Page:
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Coming to Sing in the Wood

Updated: Nov 5, 2022

A Letter from the President

Hello from my backyard swing in Elgin, dear poets and poetry lovers of South Carolina and beyond. From the way I was just waving my arms around, you'd think I was directing an orchestra, but no... just trying to keep a mosquito from giving me the West Nile virus. At our Poetry Trails event at Sesquicentennial Park on September 17, I went around offering my Avon bug spray to anyone equally wary of those tiny filibusteros. Nevertheless, I've been known to keep company with water moccasins and alligators because the woods and rivers call my name. The title about "coming to sing in the wood" is from James Dickey's "The Other" (and the strange photograph is my own).

Telling nothing but how I made

By hand, a creature to keep me dying

Years longer, and coming to sing in the wood

Of what love might still give...

At Sesqui, Ann Chadwell-Humphries introduced via Facetime an intern named Lindsey, who sang to us... but "sang" is too simple, friends... she soothed us with the sunlight of her voice as we gathered around a picnic table. We were captivated. Recently, when I visited Ashley Crout in Greenville, we happened upon a man playing guitar, singing "Landslide," and I smiled to remember my Northern Irish friend who once remarked, "Everywhere you go, a man is singing." It's true. This time, it was a woman. Then to the microphone went the poets (Evelyn Berry, Kelley Lannigan, Saina Srivistava, Tina Baumis, Anne Humphries, Danielle Verwers, and me). Saina is a new young member who brought along her family! I read the Sesqui Poetry Trails Contest winning poem by Janet Kozachek, featuring a fox, then off we went onto the forested path. Ann told us historical stories of the park, and at a narrow bridge we stopped for more poems.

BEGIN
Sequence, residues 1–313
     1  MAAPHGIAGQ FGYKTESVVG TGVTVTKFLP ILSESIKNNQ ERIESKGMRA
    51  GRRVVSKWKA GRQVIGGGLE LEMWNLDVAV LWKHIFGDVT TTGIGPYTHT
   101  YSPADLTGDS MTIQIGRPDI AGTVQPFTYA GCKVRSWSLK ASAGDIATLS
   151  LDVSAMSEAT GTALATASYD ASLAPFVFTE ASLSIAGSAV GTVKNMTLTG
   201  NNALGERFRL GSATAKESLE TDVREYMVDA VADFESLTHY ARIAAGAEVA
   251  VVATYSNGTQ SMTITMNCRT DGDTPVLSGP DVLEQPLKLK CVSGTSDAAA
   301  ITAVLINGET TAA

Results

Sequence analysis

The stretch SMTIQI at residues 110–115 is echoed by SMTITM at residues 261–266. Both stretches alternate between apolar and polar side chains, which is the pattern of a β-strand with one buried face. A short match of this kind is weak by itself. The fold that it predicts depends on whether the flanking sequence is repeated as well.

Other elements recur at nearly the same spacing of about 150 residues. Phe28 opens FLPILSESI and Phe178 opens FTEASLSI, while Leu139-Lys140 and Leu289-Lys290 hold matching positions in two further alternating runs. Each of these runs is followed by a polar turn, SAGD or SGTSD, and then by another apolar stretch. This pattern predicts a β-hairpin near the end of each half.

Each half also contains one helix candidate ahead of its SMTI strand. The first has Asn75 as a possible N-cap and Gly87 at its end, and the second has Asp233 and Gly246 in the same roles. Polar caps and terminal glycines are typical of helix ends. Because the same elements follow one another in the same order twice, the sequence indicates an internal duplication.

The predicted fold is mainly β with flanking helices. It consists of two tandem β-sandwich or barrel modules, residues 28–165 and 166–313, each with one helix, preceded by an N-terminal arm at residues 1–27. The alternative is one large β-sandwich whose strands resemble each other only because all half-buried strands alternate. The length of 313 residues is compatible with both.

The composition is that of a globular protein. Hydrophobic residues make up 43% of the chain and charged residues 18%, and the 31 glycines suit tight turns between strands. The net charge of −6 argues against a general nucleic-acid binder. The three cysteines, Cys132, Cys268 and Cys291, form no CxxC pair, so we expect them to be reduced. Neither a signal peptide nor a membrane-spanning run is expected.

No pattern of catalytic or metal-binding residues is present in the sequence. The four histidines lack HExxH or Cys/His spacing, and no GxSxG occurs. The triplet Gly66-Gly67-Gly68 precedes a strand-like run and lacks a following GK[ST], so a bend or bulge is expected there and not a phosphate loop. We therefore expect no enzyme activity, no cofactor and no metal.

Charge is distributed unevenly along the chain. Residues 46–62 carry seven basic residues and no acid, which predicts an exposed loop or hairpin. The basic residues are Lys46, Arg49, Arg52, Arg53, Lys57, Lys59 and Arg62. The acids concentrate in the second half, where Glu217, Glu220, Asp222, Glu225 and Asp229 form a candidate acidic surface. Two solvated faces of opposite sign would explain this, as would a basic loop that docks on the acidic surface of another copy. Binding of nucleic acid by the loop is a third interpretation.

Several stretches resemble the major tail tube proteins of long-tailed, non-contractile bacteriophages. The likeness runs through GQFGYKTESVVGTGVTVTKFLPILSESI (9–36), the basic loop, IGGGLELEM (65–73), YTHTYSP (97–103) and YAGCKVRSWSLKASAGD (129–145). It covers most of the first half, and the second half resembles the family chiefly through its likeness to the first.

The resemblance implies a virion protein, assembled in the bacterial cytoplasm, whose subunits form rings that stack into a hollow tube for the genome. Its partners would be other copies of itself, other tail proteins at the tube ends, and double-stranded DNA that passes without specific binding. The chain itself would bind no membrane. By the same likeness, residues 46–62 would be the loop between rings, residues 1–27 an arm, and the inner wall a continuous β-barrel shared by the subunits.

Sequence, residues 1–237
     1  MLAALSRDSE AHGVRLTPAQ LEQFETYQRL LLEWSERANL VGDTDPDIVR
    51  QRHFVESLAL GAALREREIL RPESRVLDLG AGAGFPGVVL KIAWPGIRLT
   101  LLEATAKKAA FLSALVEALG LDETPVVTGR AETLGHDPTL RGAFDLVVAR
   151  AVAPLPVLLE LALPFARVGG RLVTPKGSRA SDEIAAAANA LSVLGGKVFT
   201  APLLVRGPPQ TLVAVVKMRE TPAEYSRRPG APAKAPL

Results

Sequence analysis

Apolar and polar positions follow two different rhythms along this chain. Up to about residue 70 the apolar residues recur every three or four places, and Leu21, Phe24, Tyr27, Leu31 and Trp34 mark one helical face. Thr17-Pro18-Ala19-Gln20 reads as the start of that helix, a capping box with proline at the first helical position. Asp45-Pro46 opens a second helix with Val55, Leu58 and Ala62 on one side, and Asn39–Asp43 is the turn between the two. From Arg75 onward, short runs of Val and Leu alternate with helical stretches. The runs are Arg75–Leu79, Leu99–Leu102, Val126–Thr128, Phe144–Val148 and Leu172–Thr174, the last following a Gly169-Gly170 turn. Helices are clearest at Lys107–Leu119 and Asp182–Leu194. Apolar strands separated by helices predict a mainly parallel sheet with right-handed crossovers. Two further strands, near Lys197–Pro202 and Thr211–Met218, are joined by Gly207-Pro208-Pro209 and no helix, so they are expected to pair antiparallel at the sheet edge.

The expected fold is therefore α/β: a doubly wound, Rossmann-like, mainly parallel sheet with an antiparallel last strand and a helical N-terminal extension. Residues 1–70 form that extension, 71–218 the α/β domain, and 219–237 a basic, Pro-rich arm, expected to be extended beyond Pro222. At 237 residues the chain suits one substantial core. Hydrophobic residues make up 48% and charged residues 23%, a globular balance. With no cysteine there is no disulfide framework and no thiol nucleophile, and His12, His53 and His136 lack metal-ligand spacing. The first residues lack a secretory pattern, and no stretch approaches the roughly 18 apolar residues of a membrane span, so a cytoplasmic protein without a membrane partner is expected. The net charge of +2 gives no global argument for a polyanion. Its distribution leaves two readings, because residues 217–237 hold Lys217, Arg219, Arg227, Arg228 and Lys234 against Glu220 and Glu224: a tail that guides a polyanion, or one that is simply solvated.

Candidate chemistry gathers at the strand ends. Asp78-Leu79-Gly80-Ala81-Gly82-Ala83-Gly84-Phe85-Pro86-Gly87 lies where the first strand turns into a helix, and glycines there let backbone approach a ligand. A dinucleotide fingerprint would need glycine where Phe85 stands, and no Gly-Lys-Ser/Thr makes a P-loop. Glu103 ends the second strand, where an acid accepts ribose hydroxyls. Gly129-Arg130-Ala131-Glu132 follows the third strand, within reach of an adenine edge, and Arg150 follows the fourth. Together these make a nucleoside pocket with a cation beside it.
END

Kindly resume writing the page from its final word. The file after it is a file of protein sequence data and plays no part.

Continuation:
On September 22, I brought in the autumn equinox at a poetry reading at the McClellanville Arts Center with Jack Tracey, Jim Lundy, Billy Baldwin, Melanie McClellan-Harnett, and others. What a lovely art exhibit, and the poetry readings were exceptional. On the 23rd, I hosted a Poetry Society table at the Aiken Book Fair and met many people who were interested in what we're doing. And on the 24th, I visited Stormwater Studios for Janet Kozachek's art exhibit, which was the perfect opportunity to present her with the guitar she won for her poem "Winter Impromptu," selected by judge William Epes. There, I ran into another PSSC member, Jane Zenger, who told me about her poetry workshop group. She enjoyed reading from some of the Yearbooks I'd brought along from previous years, and we had a wonderful conversation.

All of this piggybacked on our first program readings of the season by Melissa Crowe and Tanner Crunelle, held despite a flood advisory. Danielle DeTiberus said she'd be there if she had to paddle down the city streets, but I was home with Covid watching on Zoom and wishing I had a river I could skate away on to the Charleston Library Society. Thank you to Vice President Emily Rosko, who carried on beautifully without me as I knew she would, even on the spur of the moment. I missed Jim Lundy's birthday and the cake... but it's never too late for a limerick: